This fellowship for Asia Pacific studies was established in 2020 to honor long-time member John E. Merow. Made possible by a provision in Merow’s estate along with additional funding from the Merow Foundation, the fellowship honors his abiding interest in the Asia Pacific and his many contributions to the Council. The fellowship focuses on producing rigorous analysis and practical proposals to help U.S. policymakers navigate the complicated politics and challenges related to the Asia Pacific region.
John E. Merow (1929–2019)
John E. Merow was a distinguished member of the Council on Foreign Relations from 1977 until his passing in 2019. After serving as a lieutenant in the U.S. Navy, Merow graduated from Harvard Law School and in 1958 began his six decade-long tenure at the international law firm Sullivan & Cromwell. First an associate, he rose to partner, then vice chairman, and became the firm’s chairman and senior partner in 1987. He led Sullivan & Cromwell through a challenging time of international expansion which included the opening of offices in Australia and Japan. He transitioned to senior counsel in 1994, a position he held until his death.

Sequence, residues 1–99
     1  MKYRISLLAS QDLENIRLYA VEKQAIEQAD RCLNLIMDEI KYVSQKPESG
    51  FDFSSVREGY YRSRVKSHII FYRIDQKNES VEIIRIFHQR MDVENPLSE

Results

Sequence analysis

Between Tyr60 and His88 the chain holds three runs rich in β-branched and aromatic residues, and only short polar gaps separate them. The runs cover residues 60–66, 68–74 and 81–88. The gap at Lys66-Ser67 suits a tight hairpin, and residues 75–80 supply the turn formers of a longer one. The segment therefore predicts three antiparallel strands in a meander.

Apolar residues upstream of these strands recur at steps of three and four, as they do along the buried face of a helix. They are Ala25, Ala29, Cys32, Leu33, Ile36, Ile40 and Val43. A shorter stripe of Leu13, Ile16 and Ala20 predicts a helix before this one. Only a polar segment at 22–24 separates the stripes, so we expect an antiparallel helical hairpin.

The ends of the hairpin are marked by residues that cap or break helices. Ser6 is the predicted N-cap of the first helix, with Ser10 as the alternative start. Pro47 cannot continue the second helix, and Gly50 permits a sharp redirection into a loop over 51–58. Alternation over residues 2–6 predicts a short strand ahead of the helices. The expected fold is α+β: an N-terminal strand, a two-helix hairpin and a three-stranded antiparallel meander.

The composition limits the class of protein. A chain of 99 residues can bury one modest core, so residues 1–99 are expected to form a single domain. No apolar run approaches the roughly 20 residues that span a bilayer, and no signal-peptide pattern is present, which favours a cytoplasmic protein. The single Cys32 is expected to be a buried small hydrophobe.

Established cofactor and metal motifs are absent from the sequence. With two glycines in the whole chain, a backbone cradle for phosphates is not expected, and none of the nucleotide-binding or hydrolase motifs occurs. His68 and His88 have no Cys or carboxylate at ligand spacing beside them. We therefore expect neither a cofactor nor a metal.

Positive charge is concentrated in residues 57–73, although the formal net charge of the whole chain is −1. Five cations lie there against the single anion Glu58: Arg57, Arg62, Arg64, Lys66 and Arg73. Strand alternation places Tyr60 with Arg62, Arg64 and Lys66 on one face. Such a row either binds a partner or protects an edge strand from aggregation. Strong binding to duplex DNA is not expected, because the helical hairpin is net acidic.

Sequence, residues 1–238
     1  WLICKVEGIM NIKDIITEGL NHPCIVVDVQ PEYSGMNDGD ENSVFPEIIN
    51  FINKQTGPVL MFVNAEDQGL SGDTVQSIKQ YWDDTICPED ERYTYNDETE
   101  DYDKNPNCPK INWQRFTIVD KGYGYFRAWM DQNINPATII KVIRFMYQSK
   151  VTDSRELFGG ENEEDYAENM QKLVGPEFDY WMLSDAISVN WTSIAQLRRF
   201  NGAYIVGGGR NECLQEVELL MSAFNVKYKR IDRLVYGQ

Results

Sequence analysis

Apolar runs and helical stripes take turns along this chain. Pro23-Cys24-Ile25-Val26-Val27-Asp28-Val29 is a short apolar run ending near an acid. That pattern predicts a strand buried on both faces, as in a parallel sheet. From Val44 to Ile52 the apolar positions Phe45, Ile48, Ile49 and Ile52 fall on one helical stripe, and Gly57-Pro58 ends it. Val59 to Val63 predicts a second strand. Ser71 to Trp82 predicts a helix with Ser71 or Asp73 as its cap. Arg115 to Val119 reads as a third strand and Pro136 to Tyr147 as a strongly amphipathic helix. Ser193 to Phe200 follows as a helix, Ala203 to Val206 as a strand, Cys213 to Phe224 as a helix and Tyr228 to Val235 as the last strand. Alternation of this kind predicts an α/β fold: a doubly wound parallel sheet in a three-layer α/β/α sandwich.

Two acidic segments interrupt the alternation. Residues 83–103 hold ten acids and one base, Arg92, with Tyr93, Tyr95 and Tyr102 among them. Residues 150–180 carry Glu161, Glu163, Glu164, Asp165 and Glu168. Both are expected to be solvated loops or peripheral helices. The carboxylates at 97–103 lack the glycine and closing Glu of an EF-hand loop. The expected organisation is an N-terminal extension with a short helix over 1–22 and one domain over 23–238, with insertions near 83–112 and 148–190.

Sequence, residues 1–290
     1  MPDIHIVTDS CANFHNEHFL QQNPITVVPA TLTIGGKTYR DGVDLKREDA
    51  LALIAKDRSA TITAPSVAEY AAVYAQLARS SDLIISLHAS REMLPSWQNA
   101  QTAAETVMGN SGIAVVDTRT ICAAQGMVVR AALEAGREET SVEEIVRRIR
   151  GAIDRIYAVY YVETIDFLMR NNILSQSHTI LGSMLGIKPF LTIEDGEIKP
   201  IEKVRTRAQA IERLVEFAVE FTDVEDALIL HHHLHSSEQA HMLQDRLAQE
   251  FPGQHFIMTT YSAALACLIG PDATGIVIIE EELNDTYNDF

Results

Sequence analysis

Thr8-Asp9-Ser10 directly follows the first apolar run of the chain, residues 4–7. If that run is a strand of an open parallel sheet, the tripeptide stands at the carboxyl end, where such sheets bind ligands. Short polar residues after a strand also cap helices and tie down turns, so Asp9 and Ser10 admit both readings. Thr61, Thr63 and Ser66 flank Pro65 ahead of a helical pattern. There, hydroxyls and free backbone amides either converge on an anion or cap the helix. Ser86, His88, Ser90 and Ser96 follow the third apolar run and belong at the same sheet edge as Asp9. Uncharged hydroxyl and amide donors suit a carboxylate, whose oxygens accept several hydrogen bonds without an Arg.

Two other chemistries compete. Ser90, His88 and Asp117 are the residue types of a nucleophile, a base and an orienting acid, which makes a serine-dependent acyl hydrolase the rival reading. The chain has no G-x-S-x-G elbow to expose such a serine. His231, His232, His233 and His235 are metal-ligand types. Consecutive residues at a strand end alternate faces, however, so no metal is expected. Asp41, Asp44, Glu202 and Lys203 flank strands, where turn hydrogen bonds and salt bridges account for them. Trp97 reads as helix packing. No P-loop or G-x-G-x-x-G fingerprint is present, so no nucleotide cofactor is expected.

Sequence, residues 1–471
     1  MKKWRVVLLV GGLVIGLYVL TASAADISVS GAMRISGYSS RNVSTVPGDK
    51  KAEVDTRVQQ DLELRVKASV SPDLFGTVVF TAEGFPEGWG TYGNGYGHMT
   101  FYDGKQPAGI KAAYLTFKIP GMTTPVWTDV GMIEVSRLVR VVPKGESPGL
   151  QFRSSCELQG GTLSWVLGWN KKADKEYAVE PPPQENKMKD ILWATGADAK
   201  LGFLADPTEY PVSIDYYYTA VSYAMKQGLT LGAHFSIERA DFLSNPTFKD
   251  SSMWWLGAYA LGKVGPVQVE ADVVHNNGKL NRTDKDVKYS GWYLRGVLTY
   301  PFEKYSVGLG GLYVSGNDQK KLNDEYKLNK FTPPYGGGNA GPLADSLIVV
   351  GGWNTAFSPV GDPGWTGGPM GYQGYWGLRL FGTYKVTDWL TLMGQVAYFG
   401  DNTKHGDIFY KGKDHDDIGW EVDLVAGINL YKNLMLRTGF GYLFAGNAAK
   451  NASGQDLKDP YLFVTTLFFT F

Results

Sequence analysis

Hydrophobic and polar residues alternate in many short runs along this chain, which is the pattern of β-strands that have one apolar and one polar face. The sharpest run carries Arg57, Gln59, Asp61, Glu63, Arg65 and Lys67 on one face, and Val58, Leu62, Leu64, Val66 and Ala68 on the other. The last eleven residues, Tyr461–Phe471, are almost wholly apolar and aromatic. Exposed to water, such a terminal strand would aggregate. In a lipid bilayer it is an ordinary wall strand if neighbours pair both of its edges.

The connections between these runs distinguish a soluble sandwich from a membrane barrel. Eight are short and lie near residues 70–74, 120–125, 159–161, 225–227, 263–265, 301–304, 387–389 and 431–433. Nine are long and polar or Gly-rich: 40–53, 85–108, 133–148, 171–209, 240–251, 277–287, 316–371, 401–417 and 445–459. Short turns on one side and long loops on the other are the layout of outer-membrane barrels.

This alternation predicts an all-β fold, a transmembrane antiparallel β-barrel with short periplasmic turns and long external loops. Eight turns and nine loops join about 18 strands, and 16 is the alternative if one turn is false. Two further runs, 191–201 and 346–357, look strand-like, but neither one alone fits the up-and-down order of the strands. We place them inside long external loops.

Throughout his career, Merow worked with major multinational corporations and financial firms in public and private financing, project finance, mergers and acquisitions, and general corporate administration. In addition to his work at Sullivan & Cromwell, Merow also served as managing director of Brock Capital Group LLC. He sat on the boards of the United States Council for International Business, Aleris International, Commonwealth Industries, Seligman Group Investment Companies, Tri-Continental Corporation, Metropolitan Opera Club, and the Archbishop of Canterbury’s global investments and grants organizations. He was chairman of Kaiser Aluminum, the New York-Presbyterian Hospital, the Foreign Policy Association, the American Australian Association, and the Municipal Art Society of New York, and was vice chairman of the United States-New Zealand Council. For his service and contributions to U.S.-Australia relations, he was named an honorary Officer in the Order of Australia.